Micronuclei in the blood and bone marrow cells of mice exposed to specific complex time-varying pulsed magnetic fields

Siddharth B. Reddy, Julie Weller, Dawn Desjardins-Holmes, Tara Winters, Lynn Keenliside, Frank S. Prato, Thomas J. Prihoda, Vijayalaxmi, Alex W. Thomas

Research output: Contribution to journalArticlepeer-review

7 Scopus citations


For 8 weeks, adult CD-1 male mice were continuously exposed to complex time-varying pulsed magnetic fields (PMF) generated in the horizontal direction by a set of squar eHelmholtz coils. The PMF were <1000 Hz and delivered at a peak flux density of 1mT. Sham-exposed mice were kept in a similar exposure system without a PMF. Positive control animals exposed to 1 Gy gamma radiation were also included in the study. Blood samples were collected before (time 0) and at 2, 4, 6, and 8 weeks. All mice were euthanized at the end of 8 weeks and their bone marrow was collected. From each blood and bone marrow sample, smears were prepared on microscope slides, fixed in absolute methanol, air-dried, and stained with acridine orange. All slides were coded and examined using a fluorescence microscope. The extent of genotoxicity and cytotoxicity was assessed from the incidence of micronuclei (MN) and percent polychromatic erythrocytes (PCE) in the blood and bone marrow, respectively. The data indicated that both indices in PMF-exposed mice were not significantly different from those observed in sham-exposed animals. In contrast, positive control mice exhibited significantly increased MN, and decreased percentages of PCE in both tissues. Thus, the overall data suggested that 8weeks of continuous exposure to PMF did not induce significantly increased genotoxicity and cytotoxicity in experimental mice. Further investigations are underway using other genotoxicity assays (comet assay, γ-H2AX foci, and chromosomal aberrations) to assess genotoxicity following PMF exposure.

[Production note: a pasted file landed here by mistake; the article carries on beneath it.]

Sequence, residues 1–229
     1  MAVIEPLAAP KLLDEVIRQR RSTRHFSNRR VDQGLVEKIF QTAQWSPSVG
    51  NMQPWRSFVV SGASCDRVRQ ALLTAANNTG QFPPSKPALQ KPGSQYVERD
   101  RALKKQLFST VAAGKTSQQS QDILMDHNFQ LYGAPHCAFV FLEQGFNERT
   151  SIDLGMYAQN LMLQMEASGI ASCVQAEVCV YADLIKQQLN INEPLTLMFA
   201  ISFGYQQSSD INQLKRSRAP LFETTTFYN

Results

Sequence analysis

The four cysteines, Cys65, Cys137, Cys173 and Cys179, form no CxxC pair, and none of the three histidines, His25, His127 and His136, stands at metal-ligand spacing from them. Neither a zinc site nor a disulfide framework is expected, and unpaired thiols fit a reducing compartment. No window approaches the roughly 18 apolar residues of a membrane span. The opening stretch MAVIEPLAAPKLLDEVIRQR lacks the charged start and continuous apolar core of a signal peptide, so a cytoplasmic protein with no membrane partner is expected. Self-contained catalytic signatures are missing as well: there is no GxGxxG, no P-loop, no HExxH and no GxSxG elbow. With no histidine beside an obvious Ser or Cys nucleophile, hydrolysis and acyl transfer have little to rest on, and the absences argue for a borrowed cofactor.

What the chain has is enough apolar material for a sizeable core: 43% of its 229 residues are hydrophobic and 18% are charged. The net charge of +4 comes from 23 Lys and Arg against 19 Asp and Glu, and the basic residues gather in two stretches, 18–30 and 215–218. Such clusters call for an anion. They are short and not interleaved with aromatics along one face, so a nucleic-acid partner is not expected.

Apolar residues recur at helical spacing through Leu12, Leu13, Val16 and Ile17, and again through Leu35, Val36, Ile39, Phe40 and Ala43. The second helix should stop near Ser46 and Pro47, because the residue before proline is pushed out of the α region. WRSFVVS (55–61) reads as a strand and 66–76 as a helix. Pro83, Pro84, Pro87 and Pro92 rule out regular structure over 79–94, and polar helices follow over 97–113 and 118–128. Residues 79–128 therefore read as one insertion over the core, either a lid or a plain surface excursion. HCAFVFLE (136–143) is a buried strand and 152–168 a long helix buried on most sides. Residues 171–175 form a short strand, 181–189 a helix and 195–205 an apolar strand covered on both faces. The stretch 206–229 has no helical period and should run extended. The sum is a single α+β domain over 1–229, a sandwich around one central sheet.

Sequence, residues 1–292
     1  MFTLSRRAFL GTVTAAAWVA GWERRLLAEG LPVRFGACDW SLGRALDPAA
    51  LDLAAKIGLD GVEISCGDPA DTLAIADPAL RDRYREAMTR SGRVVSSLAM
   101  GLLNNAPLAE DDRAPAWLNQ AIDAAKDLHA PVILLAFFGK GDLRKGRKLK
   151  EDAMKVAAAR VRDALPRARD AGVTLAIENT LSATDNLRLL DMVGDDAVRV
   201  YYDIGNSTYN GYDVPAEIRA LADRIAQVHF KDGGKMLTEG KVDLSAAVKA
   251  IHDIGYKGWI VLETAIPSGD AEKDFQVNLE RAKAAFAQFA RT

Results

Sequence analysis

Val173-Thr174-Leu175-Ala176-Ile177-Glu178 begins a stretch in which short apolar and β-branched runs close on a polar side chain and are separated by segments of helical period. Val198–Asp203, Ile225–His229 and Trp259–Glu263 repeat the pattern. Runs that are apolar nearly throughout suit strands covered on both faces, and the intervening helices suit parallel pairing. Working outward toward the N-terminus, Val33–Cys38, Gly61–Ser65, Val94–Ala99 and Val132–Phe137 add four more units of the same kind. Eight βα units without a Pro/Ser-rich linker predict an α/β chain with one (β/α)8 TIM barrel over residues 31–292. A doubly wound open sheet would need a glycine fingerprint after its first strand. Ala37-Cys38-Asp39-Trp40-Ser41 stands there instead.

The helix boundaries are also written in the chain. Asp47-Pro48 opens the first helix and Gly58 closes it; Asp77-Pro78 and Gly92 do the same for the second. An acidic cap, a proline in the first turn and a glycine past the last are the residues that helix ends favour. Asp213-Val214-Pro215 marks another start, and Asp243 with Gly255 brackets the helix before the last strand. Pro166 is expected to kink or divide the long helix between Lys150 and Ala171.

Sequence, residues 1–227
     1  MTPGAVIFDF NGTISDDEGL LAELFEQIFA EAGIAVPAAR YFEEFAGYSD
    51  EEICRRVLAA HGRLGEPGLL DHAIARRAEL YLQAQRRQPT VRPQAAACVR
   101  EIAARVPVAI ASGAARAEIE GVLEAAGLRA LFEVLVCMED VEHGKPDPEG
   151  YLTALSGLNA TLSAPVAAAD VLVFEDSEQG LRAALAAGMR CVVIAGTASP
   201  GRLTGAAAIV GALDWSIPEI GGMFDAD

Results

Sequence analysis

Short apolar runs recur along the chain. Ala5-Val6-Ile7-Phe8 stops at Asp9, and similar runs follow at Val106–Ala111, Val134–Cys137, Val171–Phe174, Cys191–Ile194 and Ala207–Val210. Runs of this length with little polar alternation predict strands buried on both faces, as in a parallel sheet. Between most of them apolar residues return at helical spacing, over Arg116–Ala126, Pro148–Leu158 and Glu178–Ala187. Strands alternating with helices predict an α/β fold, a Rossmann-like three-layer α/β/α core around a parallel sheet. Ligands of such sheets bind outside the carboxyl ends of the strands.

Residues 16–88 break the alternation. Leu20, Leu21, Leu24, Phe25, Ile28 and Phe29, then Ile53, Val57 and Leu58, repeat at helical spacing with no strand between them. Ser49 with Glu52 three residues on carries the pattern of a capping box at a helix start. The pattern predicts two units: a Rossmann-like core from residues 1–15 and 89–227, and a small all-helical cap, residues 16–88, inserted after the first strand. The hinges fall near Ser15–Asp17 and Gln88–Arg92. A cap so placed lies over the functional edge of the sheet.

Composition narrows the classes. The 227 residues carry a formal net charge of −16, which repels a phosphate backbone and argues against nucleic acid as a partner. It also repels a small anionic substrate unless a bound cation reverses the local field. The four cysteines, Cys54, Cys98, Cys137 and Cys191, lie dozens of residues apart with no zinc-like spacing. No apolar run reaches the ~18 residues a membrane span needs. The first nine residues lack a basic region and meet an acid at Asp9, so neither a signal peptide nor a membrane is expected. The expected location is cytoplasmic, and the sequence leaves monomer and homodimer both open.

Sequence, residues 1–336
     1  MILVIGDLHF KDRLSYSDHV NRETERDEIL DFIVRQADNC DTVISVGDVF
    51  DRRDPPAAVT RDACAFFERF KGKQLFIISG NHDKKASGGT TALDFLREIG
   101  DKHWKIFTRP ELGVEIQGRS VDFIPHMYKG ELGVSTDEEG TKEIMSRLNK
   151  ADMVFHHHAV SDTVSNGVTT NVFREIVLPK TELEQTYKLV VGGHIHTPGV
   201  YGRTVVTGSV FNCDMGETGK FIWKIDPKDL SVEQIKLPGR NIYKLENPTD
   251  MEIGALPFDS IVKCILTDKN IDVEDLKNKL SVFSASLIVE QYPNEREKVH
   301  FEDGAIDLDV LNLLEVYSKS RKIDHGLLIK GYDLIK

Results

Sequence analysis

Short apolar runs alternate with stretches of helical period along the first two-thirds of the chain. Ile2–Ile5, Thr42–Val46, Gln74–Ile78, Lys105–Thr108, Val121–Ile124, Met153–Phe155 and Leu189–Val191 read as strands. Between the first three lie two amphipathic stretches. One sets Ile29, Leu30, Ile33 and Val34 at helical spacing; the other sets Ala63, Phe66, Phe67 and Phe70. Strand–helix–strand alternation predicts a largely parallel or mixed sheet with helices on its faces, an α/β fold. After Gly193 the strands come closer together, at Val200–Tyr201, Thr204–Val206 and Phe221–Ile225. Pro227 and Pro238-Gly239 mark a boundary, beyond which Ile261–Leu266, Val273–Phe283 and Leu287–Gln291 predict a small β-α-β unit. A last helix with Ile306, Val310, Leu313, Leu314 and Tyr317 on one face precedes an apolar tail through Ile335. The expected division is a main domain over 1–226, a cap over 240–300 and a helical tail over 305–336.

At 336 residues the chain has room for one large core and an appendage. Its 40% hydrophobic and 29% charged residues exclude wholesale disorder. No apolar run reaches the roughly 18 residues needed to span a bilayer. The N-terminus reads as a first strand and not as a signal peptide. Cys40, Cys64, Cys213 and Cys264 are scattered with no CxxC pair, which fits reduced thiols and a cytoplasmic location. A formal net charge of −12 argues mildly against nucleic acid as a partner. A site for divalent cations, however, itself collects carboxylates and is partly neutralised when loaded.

Original languageEnglish (US)
Pages (from-to)445-453
Number of pages9
Issue number6
StatePublished - Sep 2010


  • Cytotoxicity
  • Genotoxicity

ASJC Scopus subject areas

  • Biophysics
  • Physiology
  • Radiology Nuclear Medicine and imaging


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